Keep It Clean: Swimming Pool Sanitation Alternatives

When summer’s here and the heat is high, the last thing anyone really wants to worry about is keeping their swimming water clean and fresh. Inexpensive and easily available, chlorine has been the method of choice for decades. But problems with allergies, skin irritation, and mucus membrane sensitivity led swimming pool designers and engineers to develop new methods for water sanitation. Here’s an introduction to the three of the most popular chlorine alternatives:

Saltwater: Saltwater sanitation systems are increasingly popular in new pool installations. Saltwater systems work through the principle of hydrolysis, a process that converts water and food-grade salt into pure sodium hypochlorite. Hypochlorite is the primary active ingredient in chlorine. Saltwater systems are a way to get the benefits of chlorine without the chemical additives and stabilizers of conventional chlorine.  One drawback to saltwater systems is that the water can cause corrosion in fittings, pipes, and drain grates as well as the underwater lighting fixtures.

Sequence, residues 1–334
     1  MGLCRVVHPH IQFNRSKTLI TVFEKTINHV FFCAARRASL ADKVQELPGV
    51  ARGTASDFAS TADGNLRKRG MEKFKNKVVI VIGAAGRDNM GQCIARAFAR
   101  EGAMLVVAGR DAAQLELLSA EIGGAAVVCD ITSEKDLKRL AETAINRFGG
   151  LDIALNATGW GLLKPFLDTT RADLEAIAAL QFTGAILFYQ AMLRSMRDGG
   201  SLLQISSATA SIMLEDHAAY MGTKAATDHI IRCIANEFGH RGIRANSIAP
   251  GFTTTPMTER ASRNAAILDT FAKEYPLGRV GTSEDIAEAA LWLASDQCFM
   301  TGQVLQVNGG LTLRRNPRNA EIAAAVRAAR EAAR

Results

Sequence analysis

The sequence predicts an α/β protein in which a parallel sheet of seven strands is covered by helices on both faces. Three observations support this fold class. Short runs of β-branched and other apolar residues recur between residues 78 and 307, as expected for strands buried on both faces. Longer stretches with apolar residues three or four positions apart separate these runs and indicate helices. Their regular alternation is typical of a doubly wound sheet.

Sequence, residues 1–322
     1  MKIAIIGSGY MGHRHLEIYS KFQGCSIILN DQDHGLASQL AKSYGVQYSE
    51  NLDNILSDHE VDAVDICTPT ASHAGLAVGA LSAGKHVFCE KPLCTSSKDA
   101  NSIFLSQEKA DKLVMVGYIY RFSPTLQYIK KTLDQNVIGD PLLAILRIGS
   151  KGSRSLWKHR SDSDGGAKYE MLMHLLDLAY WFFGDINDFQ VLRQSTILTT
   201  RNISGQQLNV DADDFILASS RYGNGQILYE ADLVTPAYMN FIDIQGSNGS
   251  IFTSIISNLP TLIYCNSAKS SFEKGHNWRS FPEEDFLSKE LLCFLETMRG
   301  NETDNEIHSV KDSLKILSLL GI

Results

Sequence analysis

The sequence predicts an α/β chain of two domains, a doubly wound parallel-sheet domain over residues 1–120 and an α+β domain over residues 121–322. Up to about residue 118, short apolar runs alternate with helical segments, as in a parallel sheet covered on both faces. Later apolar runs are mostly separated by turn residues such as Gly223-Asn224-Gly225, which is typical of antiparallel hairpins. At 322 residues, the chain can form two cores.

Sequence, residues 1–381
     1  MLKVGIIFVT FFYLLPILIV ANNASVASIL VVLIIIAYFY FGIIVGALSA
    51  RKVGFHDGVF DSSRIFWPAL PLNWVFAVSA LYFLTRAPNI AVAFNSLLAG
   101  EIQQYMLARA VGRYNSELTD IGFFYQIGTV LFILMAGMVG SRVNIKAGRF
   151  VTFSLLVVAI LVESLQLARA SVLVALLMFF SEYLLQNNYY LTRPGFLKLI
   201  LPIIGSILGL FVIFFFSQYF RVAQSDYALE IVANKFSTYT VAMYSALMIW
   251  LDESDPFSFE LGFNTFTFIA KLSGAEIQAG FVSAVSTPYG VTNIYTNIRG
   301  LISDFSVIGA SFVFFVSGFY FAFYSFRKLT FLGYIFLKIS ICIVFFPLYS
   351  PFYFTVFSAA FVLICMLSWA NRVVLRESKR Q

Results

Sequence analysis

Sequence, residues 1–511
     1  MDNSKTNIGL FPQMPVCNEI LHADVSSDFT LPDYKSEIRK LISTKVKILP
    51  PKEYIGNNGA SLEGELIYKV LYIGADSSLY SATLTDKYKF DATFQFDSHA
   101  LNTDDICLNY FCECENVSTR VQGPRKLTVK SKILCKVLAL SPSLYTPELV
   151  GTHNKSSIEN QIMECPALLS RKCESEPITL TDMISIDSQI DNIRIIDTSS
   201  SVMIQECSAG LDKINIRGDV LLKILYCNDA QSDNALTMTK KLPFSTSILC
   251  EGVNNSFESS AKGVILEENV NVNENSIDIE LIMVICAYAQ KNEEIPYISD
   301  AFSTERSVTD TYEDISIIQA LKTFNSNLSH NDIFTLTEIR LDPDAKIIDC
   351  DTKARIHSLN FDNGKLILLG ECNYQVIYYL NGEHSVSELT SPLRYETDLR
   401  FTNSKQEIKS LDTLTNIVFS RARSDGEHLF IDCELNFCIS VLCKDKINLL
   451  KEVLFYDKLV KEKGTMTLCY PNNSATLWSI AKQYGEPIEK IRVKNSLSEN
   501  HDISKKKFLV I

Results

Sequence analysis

Ionizers: Ionizers use a low electric current to create copper and silver ions that attract and kill algae, bacteria, and viruses. The two most common ionizer systems use either an electric ionizer, which uses electricity to charge the ions, or the mineral cartridge ionizer, which capitalizes on the water’s flow through a mineral cache to release a steady stream of ions. Ionizers do not oxidize the water and the systems are very expensive, but the diodes only need to be replaced every three to five years and the ionized water does not harm pool equipment.

Bromine: Conventional wisdom dictates that chlorine is for pools and bromine is for spas, but pool owners who want to avoid the clouds of chloramine gas generated by the pool’s sanitation process often opt for bromine, which remains in its liquid state and retains its sanitizing effectiveness, unlike chloramine, which does not. Because bromine becomes unstable in sunlight, it is best used for indoor pools and spas. It’s also a weaker oxidizer, so it takes longer to break down waste in the pool. On the bright side, while bromine does generate an odor, it is nowhere near as pungent and irritating as the smell of chloramine gas.



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